We’ve got everything you need to understand the basics of a waterfall chart—including why you might need it, when to use it, and how to create your own. And if you don’t have time to create your own, we’ve created a template for you!
Let’s start with the basics.
You might have heard it referred to as a “waterfall graph” or maybe a “bridge graph,” but it’s all the same. The point of the waterfall chart is to show both positive (yes!) and negative (no!) values over a period of time, while pointing out the initial and end values as well.
Whether it’s company profit, inventory, or overall sales, the waterfall chart is a useful little tool to get a quick overview and make sense of all the numbers and how things are going.
Why wouldn’t you? Everybody needs a waterfall chart in their life, right?
Okay, that might be a stretch. But if you found this page, we’re guessing you probably are in hot pursuit of a waterfall chart that will make your life much easier.
Here are a few examples of when using a waterfall chart makes sense:
We’re glad you asked. And, actually, we’re here to help.
We’ve already created a free, downloadable Excel waterfall chart template for you. Unless you want to spend 48 hours (slight exaggeration) typing numbers into a spreadsheet, then we recommend you download this beautiful little template and blow the socks off your friend and co-workers. We’ll even let you take credit for all the work!
If you’re dead set on making the waterfall chart on your own, just because you’re nerdy like that, then we get it. We’re ready to help with that too.
Whether you have a PC or a Mac, these instructions will work for you.
For our example, we started with something simple, monthly income. You’ll see varying numbers based on positive or negative income for each month.
Let’s move on.
Inputting formulas into Excel might look like Greek, but it’s not that hard. Add the formulas to the first cells in each column, then use the fill tool to copy them down throughout the column.
Drag the fill tool to the end of the column to copy the formula. Your chart should now look like this:
Use the fill tool to drag the formula down to the end of the column again. Now your Excel waterfall chart should look like this. If so, well done.
Use the fill tool to drag the formula down to the bottom of the column again. And (boom!) your waterfall chart should now look like this.
Sounds fancy, yeah? It’s not.
But you’re going to need it.
Now you’ve got yourself a stacked chart.
Look at that! It’s got your numbers and everything. However, it’s not a waterfall chart. Not yet. Let’s make that happen, shall we?
Everyone has a little room for growth, including our dear stacked chart. We’re ready to grow our stacked chart into a wonderful, well-respected waterfall chart.
When the “Format Data Series” pops up:
With the base section now excommunicated from our Excel waterfall chart, we can take it out of the legend.
You’ve now created a basic waterfall chart. But if you’re like us, you don’t go for basic. We’ll talk about how to make your chart pretty.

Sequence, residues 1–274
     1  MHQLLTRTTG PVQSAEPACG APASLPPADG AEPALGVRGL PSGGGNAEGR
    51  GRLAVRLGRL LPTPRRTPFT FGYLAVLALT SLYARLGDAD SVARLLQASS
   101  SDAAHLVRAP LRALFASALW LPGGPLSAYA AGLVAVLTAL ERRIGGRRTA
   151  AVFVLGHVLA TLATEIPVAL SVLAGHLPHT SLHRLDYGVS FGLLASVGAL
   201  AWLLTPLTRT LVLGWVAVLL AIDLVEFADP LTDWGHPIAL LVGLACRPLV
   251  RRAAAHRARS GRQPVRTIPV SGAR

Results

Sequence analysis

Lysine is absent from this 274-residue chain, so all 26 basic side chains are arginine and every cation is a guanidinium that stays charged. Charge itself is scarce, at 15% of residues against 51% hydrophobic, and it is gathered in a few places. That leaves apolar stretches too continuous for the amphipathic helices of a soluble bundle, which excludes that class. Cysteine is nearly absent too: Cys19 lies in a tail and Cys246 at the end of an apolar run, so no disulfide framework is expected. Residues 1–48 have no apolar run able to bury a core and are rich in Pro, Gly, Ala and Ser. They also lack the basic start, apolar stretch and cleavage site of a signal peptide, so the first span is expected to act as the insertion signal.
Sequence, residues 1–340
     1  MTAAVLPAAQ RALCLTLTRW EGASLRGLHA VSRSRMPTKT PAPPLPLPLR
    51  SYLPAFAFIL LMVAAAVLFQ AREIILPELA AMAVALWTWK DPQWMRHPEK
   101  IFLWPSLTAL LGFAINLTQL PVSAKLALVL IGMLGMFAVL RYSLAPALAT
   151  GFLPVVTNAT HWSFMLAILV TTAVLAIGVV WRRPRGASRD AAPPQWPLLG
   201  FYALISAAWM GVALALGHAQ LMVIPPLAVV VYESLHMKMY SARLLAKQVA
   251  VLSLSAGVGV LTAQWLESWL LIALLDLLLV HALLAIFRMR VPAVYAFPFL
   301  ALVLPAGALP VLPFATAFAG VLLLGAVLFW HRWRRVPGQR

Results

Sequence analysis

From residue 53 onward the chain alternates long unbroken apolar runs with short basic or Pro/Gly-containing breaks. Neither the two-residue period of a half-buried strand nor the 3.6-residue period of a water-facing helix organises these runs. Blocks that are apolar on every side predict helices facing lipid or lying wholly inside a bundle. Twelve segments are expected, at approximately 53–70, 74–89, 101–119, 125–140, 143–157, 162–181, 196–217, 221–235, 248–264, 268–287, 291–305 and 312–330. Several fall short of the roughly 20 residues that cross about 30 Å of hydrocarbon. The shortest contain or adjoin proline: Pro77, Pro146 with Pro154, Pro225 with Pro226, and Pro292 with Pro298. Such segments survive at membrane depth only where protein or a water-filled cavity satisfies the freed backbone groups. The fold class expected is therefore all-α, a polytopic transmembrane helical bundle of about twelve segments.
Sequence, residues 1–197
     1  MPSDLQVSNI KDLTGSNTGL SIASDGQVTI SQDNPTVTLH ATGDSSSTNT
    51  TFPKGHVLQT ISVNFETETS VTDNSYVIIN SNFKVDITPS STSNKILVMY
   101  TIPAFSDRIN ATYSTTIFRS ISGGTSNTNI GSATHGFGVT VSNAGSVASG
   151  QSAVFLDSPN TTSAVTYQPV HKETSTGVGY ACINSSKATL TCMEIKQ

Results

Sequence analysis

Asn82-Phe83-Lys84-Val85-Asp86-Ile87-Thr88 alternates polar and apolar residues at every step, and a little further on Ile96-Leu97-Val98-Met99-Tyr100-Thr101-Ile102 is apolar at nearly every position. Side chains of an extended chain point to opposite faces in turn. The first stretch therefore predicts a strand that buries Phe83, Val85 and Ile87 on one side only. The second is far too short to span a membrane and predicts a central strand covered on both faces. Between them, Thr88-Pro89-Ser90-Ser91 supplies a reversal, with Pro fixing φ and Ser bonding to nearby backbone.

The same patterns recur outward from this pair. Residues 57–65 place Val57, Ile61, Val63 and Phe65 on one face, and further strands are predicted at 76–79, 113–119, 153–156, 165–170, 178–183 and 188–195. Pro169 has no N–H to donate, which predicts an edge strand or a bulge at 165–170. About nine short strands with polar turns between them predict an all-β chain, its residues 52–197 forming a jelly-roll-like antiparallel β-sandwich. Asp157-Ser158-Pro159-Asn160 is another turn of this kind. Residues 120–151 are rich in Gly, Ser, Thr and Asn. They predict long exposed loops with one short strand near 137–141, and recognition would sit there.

Your Excel waterfall chart’s a little drab, and you want to spice it up a bit. Maybe add some color, a few more details for context, and give it a title.
In our example above, we want to differentiate between our Up and Down columns.
Here’s how your waterfall chart should look now.
You can also get rid of that extra white space between your columns. This will make the chart “pop” a little more.
Now you’ve got a pretty waterfall chart that should look something like this.
To add a title to your chart:
If you want to add a data label to show specific numbers for each column, you can do that. Right click on one of your columns and select “Add Data Labels” from the dropdown. Your numbers should now magically appear.
To format those labels and make them a little prettier, select one, then right click and pick “Format Data Labels” from the dropdown list.
From within that same pane, you can change the position of the label and play around with the font color and size to make the numbers easier to see. After that, you can delete zero values and, optionally, the legend from your waterfall chart.
One of the great things about the waterfall report is its ability to show a starting number, the positive or negative changes, and the ending number—all in one chart.
In our example, what jumps out at you?
Our negative income months were April and May, then July and August. What is it about those late spring and late summer months that caused a dip?
Are sales down because of spring and summer vacations? Is this a normal, expected trend or something that’s new this year? If this is an expected dip, has the company made the necessary budget accommodations? And if it looks like it’s just a one-off, how can you make sure it doesn’t become a trend next year?
It also never hurts to walk any relevant team members through your chart. Seeing the data in color might make more of an impact than just sending out an email. The chart could give your sales people the kick in the pants they need to make next year better than ever!
Remember, TeamGantt is here to help. We’ve created an easy-to-use waterfall template for you. Just plug and play with your own numbers and you’ll be ready to go.
You can easily plan and communicate within your project budget by creating your own plan with TeamGantt. Get started!